Your pension, your future
Love your future. Shell Pension.

November 2020

SNPS. Smarten up your future
Annual Report 2020 – Shell Nederland Pensioenfonds 

Interview with Arnold Gast, Risk & Investment Officer Shell Pension

“We have stayed the course in an unprecedented challenging year”

While corona plunged the world economy into crisis, stock markets quickly recovered from a historically deep fall. 2020 was a year of extremes. But what did the pandemic mean for SNPS?

Before we go into the stock market year and the investment results, SNPS is already implementing what was agreed in the Pension Agreement. How is that going?

‘The pension scheme that was implemented by SNPS in 2017 is one of the two proposed pension schemes in the Pension Agreement, from which all pension providers in the Netherlands will soon have to choose. SNPS participants have a personal pension account, which they use to invest in so-called Life Cycle profiles. This allows the participants to build up a pension capital, from which they draw a pension benefit when they retire.’

What do those Life Cycle profiles mean?

“These clearly illustrate the investment risks to the participant. For example, if you want a chance to obtain a higher pension and are willing to take a little more risk, you can choose the Life Cycle profile ‘offensive’. In this case, the participant invests 100 per cent in the ‘Yield Portfolio’ (with investments such as shares) in the initial years. If a participant prefers to take a little less risk, then 90 per cent is invested in the Return Portfolio Investments and 10 per cent in safer bonds, and you would choose a neutral profile. Participants can also choose a more defensive profile. Here, 70 per cent is invested in the Yield Portfolio and 30 per cent in safer bonds.” This allows the participant to choose the investment profile that best suits their own situation, pension objective and risk appetite.”

How do you determine your investment profile as a participant?

“You choose a profile that suits your own situation, pension objective and risk preference. A decision-making tool on the personal pension portal guides the participants through this process. It provides insight into the risks and potential returns of the Life Cycles. And we continue to emphasise: a participant in the SNPS scheme has no guarantee of the amount of the final payment on the retirement date.”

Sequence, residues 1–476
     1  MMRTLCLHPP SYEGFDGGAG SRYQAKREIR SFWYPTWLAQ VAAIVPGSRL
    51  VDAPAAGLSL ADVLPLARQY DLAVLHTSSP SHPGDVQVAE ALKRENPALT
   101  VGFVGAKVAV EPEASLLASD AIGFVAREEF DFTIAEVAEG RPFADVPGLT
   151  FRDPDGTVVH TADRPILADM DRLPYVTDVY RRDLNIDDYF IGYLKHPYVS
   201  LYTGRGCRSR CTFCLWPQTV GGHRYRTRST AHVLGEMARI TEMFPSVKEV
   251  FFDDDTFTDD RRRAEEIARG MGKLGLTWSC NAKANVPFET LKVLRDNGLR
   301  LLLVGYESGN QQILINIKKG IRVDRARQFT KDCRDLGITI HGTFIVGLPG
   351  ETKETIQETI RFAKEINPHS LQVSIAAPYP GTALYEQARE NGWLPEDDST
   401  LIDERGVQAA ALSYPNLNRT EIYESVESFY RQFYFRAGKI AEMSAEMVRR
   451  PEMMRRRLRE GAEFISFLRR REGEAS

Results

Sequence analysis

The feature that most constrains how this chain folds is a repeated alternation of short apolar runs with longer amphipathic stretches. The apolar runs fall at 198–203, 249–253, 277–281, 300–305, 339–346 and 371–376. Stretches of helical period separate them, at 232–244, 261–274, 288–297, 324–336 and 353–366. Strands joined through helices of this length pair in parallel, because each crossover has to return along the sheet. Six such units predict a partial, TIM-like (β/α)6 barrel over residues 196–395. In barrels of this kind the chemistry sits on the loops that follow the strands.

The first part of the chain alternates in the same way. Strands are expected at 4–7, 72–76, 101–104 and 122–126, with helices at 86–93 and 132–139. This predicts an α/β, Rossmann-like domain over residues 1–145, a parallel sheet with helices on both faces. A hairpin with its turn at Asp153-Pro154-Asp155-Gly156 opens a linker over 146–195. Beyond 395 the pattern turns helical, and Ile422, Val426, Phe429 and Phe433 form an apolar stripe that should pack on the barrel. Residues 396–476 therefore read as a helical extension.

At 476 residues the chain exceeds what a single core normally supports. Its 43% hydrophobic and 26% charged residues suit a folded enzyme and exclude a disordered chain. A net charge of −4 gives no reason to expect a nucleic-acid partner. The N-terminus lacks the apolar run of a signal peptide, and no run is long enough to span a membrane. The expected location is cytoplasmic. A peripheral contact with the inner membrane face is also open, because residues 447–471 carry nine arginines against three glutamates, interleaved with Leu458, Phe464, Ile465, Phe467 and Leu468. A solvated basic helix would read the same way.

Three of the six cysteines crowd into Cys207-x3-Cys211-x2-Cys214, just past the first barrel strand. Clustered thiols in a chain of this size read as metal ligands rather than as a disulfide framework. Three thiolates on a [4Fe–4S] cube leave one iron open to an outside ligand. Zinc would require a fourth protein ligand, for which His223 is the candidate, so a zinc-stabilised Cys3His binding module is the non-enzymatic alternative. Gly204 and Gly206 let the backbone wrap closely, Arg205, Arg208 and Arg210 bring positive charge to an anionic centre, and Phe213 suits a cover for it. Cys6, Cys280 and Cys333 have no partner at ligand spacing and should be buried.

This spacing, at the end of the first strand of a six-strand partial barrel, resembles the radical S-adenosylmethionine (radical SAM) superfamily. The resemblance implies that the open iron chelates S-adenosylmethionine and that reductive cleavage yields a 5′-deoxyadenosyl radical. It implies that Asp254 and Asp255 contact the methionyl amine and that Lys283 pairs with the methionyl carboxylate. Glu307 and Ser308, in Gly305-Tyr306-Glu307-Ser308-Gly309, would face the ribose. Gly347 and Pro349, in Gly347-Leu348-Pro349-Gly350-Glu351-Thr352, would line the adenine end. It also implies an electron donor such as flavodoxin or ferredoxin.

Can you continue to invest when you are a pensioner?

“Absolutely. With the Collective Variable Pension (CVP), participants and former participants (people who participated in the SNPS scheme but now no longer build up a pension, ed.) can choose to partly invest their accrued pension capital collectively from the age of 58. And towards retirement, they gradually convert it into an entitlement to a variable benefit. Continuing to invest after retirement can partially protect the long term pension benefits from inflation. SNPS determines the investment portfolio within CVP with great care, balancing the CVP objective with the risks. Within CVP, just like with the Life Cycle investing, all risks - investment, interest and longer life - lie with the participants and pensioners.’

On 15 March 2020, Prime Minister Rutte announced the intelligent lockdown. When did it become clear to SNPS that the corona outbreak was very serious?

“On Friday, 28 February, the stock markets were already experiencing a lot of volatility. Shortly afterwards, we decided to be very responsive and follow the developments in the markets on a weekly basis - which soon became twice a week - in accordance with our crisis management protocol.”

Did you have to perform any major interventions?

“Not at all. Our Life Cycle Profiles were carefully established several years ago. The Life Cycles are designed for participants to invest in riskier asset classes (the Return Portfolio) well before retirement age and invest more in risk-averse assets as they approach retirement age.

The idea behind the Life Cycles is that young participants are able to absorb market shocks because they have a long investment horizon ahead of them; so the investments are chosen for that purpose. Older participants, who are not able to absorb or compensate for major shocks in future years, therefore invest more conservatively, via the Life Cycle system. In addition, the investments are carefully composed to create a well-diversified portfolio.”


“In the crisis situation, we particularly monitored the financial markets and mapped out what measures we could take, if necessary. Surprisingly, thanks to the decisive intervention of central banks, interest rates remained fairly constant, while the stock market experienced the fastest downward correction and then the biggest recovery ever. Preventing the so-called ‘action bias’ (a tendency to rush an intervention) was our motto.”

What adjustments did you make?